But now, thanks to modern software and the Internet making data exchange easier and more common, nearly every data format, both images and vector, have tacked on a metadata format that defines the projection.  For shapefiles this is the .prj projection file which follows the naming convention .prj   In this file, if it exists, you will find a string defining the projection in a format called well-known text or WKT.  And here's a gotch that blew my mind as a programmer a long time ago: if you don't have that projection definition, and you don't know who created the data - there is no way you are ever going to figure it out.  The coordinates in the file are just numbers and offer no clue to the projection.  You don't run into this problem much any more but it used to be quite common because GIS shops typically produced maps and not data.  All your coworkers knew the preferred projection for your shop so nobody bothered to create a bunch of metadata.  But now, modern GIS software won't even let you load a shapefile into a map without forcing you to choose a projection if it's not already defined.  And that's a good thing.

If you do need to deal with projections programmatically you basically have one choice: the PROJ4 library.  It is one of the few free libraries, if not the only library period, that comprehensively deals with re-projecting goespatial data.  Fortunately it has bindings for just about every language out there and is incorporated into many libraries including OGR.  There is a Python project called pyproj which provides python bindings.

So be aware that projections are not trivial and can often add a lot of complexity to what would otherwise be a simple programming project.  And also know that pyshp does nothing to work with map projections.  I did an earlier post on how to create a .prj file for a shapefile and why I chose not to include this functionality in the library itself.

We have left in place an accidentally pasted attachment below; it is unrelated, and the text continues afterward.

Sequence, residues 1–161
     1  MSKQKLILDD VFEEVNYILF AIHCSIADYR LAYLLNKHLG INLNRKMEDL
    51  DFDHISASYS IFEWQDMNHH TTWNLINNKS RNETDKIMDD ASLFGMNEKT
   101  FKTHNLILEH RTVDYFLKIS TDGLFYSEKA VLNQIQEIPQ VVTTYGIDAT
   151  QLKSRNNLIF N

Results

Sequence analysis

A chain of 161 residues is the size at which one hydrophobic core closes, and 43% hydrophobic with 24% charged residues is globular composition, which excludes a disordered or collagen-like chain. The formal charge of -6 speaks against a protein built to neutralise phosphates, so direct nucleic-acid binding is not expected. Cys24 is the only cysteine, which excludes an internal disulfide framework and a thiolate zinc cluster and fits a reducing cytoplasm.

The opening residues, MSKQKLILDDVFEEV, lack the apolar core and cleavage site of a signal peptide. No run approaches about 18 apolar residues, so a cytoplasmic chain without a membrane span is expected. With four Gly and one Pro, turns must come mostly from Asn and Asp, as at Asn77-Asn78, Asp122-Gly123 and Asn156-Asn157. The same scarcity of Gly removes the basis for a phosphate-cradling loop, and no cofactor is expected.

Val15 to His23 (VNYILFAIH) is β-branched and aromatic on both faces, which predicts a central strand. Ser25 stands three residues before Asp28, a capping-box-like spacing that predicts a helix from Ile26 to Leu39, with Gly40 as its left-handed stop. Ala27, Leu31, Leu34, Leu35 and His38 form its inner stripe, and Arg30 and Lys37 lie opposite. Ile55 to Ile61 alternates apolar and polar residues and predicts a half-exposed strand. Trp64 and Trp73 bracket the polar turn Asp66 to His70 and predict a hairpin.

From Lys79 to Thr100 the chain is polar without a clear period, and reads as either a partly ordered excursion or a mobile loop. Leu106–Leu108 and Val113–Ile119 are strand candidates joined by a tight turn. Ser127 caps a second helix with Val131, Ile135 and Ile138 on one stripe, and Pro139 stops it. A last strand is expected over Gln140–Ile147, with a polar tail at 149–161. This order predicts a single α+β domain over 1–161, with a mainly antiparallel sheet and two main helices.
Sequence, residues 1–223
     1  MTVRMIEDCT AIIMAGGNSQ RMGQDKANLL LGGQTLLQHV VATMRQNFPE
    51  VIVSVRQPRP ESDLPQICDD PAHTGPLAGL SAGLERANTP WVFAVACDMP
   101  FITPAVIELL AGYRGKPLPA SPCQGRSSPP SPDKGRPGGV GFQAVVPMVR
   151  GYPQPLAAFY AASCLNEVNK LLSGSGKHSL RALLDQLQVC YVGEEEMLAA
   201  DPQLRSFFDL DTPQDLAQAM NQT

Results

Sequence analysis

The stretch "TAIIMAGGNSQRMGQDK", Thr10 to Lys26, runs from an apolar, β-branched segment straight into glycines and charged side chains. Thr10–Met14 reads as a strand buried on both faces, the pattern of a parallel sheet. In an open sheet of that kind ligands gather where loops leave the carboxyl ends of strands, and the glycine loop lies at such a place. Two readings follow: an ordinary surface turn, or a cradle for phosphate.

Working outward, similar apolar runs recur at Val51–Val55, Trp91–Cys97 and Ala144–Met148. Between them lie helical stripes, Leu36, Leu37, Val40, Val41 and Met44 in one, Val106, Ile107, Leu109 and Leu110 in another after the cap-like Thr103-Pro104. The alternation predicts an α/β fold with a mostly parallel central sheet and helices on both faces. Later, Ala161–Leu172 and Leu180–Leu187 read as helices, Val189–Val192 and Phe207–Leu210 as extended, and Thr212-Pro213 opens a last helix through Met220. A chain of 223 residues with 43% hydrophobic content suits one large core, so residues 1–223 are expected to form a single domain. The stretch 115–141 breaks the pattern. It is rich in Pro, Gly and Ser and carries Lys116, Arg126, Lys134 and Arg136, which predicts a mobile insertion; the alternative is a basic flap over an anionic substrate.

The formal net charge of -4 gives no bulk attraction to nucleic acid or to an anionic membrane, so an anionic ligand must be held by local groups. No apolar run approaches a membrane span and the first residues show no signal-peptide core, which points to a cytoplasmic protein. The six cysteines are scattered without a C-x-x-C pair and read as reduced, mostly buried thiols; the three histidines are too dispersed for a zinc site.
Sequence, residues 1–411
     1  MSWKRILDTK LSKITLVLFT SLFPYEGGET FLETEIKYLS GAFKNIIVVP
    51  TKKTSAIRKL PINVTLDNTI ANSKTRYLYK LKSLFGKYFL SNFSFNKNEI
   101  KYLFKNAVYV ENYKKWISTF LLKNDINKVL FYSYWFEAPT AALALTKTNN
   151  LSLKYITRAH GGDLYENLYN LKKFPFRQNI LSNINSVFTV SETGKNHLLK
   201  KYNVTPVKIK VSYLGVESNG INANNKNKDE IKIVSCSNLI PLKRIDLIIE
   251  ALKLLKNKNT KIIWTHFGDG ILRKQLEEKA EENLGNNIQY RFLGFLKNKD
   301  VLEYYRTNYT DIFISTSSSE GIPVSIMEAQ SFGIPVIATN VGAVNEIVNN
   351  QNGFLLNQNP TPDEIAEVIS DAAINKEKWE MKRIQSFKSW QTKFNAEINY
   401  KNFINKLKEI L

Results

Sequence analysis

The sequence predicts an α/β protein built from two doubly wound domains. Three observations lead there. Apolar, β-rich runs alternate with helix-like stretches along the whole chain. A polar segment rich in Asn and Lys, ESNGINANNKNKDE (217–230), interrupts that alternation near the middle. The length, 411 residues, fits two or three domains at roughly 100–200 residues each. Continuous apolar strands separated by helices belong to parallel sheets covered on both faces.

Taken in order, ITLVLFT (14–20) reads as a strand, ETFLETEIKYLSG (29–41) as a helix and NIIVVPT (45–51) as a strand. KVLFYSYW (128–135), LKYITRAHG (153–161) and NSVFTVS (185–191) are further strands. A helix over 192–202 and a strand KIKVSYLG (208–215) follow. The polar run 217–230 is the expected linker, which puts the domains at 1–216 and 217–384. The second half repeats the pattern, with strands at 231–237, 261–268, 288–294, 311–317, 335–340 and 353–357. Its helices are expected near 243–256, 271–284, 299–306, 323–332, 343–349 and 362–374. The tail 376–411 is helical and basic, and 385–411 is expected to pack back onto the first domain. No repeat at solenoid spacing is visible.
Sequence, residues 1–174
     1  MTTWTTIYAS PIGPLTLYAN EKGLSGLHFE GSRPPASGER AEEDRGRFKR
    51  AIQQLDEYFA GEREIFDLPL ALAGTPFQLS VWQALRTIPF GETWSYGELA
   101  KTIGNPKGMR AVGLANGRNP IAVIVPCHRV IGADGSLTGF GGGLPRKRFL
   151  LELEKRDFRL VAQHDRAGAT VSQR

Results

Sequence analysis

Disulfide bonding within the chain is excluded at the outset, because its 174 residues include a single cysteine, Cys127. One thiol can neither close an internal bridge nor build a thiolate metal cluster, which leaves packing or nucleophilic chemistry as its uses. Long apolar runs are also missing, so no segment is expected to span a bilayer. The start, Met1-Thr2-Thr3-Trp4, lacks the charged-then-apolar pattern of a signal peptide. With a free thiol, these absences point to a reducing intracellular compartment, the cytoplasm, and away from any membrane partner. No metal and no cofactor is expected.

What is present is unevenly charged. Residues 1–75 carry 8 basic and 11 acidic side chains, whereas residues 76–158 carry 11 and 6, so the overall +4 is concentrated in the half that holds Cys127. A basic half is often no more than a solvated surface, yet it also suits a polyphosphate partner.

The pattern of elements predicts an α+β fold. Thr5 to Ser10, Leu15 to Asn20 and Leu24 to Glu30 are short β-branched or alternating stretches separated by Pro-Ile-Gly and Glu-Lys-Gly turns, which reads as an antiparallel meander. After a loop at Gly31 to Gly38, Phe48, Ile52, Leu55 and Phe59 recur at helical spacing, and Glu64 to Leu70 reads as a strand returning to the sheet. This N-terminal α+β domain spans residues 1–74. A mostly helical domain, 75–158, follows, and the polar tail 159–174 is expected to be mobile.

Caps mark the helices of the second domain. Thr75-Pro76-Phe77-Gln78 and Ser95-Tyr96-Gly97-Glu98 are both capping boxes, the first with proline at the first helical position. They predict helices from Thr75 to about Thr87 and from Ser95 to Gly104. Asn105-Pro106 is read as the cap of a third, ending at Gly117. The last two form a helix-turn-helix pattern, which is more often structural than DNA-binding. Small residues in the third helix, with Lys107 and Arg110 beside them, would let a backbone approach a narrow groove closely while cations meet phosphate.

Here are some other resources related to map projections.

SpatialReference.org - a clearning house for projection definitions

PROJ4 - the #1 map projection library

OGR2OSM - Python script to convert OGR vector formats to the Open Street Map format with projection support

PyProj - Python bindings for Proj4 library

GDAL - Python bindings to GDAL which contains OGR and PROJ4 allowing you to reporject raster and vector data

Friday, September 2, 2011

Pyshp now available via setuptools

The Python Shapefile Library (a.k.a pyshp) is now properly registered on the Python Package Index so it can be installed via setuptools and, possibly more importantly, registered as a dependency by other packages.  At this time the "usage.py" doctests also download with it but not the sample blockgroups shapefile.  I will eventually rewrite the doctests to create a sample shapefile used to verify the reader class.  It is available as both an egg and source distribution.

I'd like to thank users "memedough" and Sebastian for pushing me to go ahead and set this up because yes I'm that lazy where after 2 years I still hadn't bothered to spend the 15 minutes to do it.

If you have setuptools installed, just run: easy_install pyshp

The setup.py script is also now in the subversion respoistory on google code just so I don't lose track of it.  The PyPi page can be found here:

http://pypi.python.org/pypi/pyshp/